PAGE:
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How to spot a good mechanic/auto repair shop

When it comes to owning a car, there is no way to completely eliminate the cost of maintenance and repairs, but you can give yourself some peace of mind by finding a mechanic/auto repair shop that has credibility and reputation behind them.
“That way, you know you’re dealing with someone who puts the customer and their safety first,” says Jarrod Berman, Managing Director of MotorHappy, a supplier of motor management solutions and car insurance options.
The cars on today’s roads are impressive technical feats. These modern marvels are well-built machines with over a century of perfecting the recipe. However, with thousands of moving parts, regular car maintenance is essential and even with good maintenance, it’s inevitable that something will fail occasionally.
“When things go wrong, it is, of course, incredibly frustrating,” sympathises Berman. “It’s extra money that usually wasn’t budgeted for. You then have to ensure you don’t get ripped off by a mechanic who’s trying to take advantage of you. It’s a headache that nobody likes to deal with, but fortunately there are ways to ease the pain.”
Perhaps most importantly, it’s imperative to check that the vehicle maintenance shop you choose to hand your car over to is part of the RMI (Retail Motor Industry organisation). The RMI is a proudly South African national industry body for the automotive sales, repairs and maintenance sector. Businesses can sign up to be a member of the RMI, and with membership comes the benefit of working collectively with thousands of other members. All MotorHappy-recommended auto repairers are accredited RMI members.
To be a member of the RMI, a business has to follow a code of conduct which includes having a quality service and product, fair pricing, guaranteed workmanship, and fair resolution for disputes. With that in mind, you can be assured that a car maintenance shop with RMI membership is one with credibility.
“More specifically, if your car needs body repair work carried out, look for a member of SAMBRA (South African Motor Body Repairers Association),” advises Berman. SAMBRA workshops follow a strictly graded quality system; the better the quality, the more work a business is allowed to carry out.
As a constituent association of the RMI, you can be assured that a motor body repair shop accredited by  SAMBRA represents exceptional workmanship and predictability. For routine maintenance and servicing, be on the lookout for an accredited MIWA (Motor Industry Workshop Association) workshop or any accredited  NADA (National Automobile Dealers’ Association) dealership, as this will ensure peace of mind and quality workmanship.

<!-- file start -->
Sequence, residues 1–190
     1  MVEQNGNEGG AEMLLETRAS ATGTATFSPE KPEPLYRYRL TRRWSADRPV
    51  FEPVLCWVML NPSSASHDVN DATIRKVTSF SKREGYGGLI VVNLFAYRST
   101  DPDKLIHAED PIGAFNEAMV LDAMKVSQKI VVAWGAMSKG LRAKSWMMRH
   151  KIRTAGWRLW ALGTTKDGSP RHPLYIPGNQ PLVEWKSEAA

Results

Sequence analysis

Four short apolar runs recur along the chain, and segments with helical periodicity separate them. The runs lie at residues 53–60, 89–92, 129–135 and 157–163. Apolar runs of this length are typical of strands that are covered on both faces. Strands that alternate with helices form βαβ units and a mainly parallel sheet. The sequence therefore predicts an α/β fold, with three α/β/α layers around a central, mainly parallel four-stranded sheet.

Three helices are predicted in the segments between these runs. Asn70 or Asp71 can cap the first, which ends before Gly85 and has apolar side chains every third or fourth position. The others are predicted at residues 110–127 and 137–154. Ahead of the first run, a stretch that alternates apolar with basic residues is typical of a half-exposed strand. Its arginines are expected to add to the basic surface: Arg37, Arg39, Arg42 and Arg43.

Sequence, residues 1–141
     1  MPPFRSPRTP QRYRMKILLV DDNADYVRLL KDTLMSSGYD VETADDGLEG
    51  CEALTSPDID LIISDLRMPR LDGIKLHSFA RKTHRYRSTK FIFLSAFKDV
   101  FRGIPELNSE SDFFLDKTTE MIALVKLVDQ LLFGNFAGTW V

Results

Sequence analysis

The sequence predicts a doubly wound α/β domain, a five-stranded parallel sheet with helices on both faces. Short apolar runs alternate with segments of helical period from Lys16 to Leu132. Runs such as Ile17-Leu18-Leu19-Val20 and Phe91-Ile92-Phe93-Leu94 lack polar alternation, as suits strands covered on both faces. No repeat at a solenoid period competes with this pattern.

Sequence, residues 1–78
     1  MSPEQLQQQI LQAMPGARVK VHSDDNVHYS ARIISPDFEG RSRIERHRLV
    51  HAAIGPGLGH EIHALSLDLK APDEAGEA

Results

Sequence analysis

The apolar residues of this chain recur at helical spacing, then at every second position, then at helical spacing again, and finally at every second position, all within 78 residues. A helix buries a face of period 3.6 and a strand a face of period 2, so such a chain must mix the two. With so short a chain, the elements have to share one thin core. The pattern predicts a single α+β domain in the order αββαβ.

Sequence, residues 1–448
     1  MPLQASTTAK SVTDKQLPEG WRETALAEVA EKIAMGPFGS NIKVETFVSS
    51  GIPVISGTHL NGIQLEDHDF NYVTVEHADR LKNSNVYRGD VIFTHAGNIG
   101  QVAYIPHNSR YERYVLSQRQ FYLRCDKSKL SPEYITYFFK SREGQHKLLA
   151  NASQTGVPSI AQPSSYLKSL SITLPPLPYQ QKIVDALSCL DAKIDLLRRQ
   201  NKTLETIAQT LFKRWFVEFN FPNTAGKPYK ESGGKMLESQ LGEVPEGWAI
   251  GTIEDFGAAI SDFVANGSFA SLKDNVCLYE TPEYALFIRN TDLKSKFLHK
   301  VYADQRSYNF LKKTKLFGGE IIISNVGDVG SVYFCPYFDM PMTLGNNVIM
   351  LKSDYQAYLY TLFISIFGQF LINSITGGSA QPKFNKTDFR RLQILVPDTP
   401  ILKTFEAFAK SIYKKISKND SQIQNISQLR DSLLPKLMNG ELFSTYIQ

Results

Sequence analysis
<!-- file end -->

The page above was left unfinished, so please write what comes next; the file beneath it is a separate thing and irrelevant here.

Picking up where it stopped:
If you want to narrow your choices even further, Google offers ratings for every business on its database. Users are free to rate their experience out of five stars, and you can use this as further guidance of who to pick. Simply Google-search the mechanic of choice, and a rating should show in the results. Be warned, however, that anyone can make a review, and some may be fabricated.
Finally, sometimes it’s hard to beat good old-fashioned word of mouth. “Customers won’t sugar-coat an experience at a vehicle maintenance shop, so ask friends and family what motor repair workshops they use, and if they would recommend them,” says Berman. “Realistically, you’re best using all three different methods. Unplanned car maintenance is never a fun experience, but by knowing what you’re looking for, it can be just that little bit more stress-free.”
A service plan or maintenance plan can help you better manage your car-care budget, with easy to manage monthly payments. Berman explains that while a service plan and a maintenance plan are similar, key differences between two types of plans could impact your bottom line.
A service plan will cover you for the labour and standard parts of your car’s service. It doesn’t include wear and tear on parts such as the clutch, shock absorbers, headlight globes and brake pads. Each service plan is different, but they generally cover things like brake fluid, coolant, all filters, spark plugs, tyre rotations and cam belts. Service plans start when you buy your car and continue for a set number of years or kilometres. Generally, the lengths are three years, and 100,000 kilometres.
A maintenance plan is a level up from a service plan as it includes a warranty against mechanical failures, as well as wear and tear on items such as shock absorbers, brake pads and wiper blades. However, it doesn’t cover the cost of new tyres. Like with a service plan, a maintenance plan also lasts for a few years or a set number of kilometres.
“When your original service or maintenance plan runs out, it is possible to purchase another plan through a reputable provider,” says Berman.